Carmona’s former boss in new Flake ad: ‘He has issues with anger, with ethics, and with women’

Alexis Levinson Political Reporter
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An old grudge is coming back to haunt Democrat Richard Carmona in his bid for Arizona’s Senate seat.

Republican Rep. Jeff Flake is going up with an ad Friday, running statewide, that features Carmona’s old boss Dr. Cristina Beato recounting harassment allegations she made against him in 2007 in private testimony before Congress.

Beato was Carmona’s boss from 2003 through 2005, when she was a deputy assistant secretary for health and he was Surgeon General under President George W. Bush. Carmona testified before Congress that the Bush administration had attempted to politicize his messages, undermining his public health goals.

Beato gave conflicting testimony. She also went after Carmona personally, according to Politico, calling him “extremely angry” and a “living nightmare.”

At the time, The New York Times reported that the two “clashed tremendously, both personally and professionally,” according to William Pierce, a spokesman for the Department of Health and Human Services from 2001 to 2005.

The new ad from Flake’s campaign recounts one of the more unsettling allegations made by Beato.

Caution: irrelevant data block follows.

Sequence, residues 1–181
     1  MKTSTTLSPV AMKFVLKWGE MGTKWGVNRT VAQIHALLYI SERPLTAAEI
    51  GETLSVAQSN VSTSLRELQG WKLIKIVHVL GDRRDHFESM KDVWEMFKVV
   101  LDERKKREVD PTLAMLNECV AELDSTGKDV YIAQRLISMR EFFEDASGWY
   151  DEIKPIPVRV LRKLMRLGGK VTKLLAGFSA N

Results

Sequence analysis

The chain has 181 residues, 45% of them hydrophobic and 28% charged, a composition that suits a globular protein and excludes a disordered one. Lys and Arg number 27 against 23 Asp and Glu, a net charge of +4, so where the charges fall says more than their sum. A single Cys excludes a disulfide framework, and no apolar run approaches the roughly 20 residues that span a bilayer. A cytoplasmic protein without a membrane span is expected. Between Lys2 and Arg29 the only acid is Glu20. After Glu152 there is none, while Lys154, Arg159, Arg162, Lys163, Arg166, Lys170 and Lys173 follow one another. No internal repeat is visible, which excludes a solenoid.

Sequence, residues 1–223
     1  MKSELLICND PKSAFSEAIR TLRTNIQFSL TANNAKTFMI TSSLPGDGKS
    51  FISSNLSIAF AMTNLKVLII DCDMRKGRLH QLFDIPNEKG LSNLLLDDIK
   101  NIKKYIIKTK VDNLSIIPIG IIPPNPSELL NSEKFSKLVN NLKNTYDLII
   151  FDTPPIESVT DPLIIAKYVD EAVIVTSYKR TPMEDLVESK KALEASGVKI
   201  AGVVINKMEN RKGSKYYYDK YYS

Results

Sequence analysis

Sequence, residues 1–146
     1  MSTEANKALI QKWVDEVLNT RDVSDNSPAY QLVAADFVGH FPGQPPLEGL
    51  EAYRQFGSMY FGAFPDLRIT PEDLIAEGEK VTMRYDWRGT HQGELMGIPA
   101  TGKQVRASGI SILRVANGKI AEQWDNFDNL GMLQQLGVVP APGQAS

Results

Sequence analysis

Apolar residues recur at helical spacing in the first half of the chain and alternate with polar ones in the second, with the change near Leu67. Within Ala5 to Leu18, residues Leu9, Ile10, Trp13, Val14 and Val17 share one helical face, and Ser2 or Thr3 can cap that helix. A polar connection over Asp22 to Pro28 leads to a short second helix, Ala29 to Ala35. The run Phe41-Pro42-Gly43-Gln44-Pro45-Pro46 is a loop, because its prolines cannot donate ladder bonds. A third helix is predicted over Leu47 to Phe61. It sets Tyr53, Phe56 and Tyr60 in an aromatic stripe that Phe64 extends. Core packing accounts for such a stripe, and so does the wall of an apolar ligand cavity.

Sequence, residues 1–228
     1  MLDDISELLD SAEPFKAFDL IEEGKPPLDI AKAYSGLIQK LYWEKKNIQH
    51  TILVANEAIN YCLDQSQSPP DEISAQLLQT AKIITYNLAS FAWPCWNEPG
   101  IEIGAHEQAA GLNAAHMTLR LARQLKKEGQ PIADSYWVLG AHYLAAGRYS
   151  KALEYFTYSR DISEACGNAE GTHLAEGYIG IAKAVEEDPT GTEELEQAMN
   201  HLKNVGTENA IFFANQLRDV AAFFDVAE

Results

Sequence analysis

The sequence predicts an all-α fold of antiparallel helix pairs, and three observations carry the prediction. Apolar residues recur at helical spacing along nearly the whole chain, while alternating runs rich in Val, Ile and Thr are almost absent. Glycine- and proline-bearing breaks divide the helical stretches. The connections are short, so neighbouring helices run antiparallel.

“There was an angry pounding on the door — in the middle of the night,” says a somber looking Beato, speaking directly to the camera. “I’m a single mom; I feared for my kids and for myself.”

“It was Richard Carmona, and I was his boss,” she said. “Carmona’s not what he seems. He has issues with anger, with ethics, and with women. I have testified to this under oath to Congress. Richard Carmona should never, ever, be in the U.S. Senate.”

Carmona has vehemently denied the allegations.

“It’s not true; it never happened,” said Carmona communications director Andy Barr. He added that Beato was “not a particularly credible person for the Flake campaign to be leaning on,” noting that she was accused of embellishing her resume, a fact which undermined her nomination as assistant secretary for health in 2004.

It was common knowledge that Carmona and Beato clashed, Barr said, but said it was about Beato’s attempts to politicize public health issues.

The ad is approved by Jeff Flake and paid for by the National Republican Senatorial Committee. It hits TV screens as Carmona appears to be gaining momentum in the race: A Public Policy Polling poll released last week found him leading Flake by two points, and an internal Democratic poll released Thursday found him ahead by four.

Flake’s campaign released internals showing the congressman up by 6 points. An internal poll conducted by GS Strategies for the National Republican Senatorial Committee found Flake leads Carmona by 6.4 points, 47.4 percent to 41 percent.

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Alexis Levinson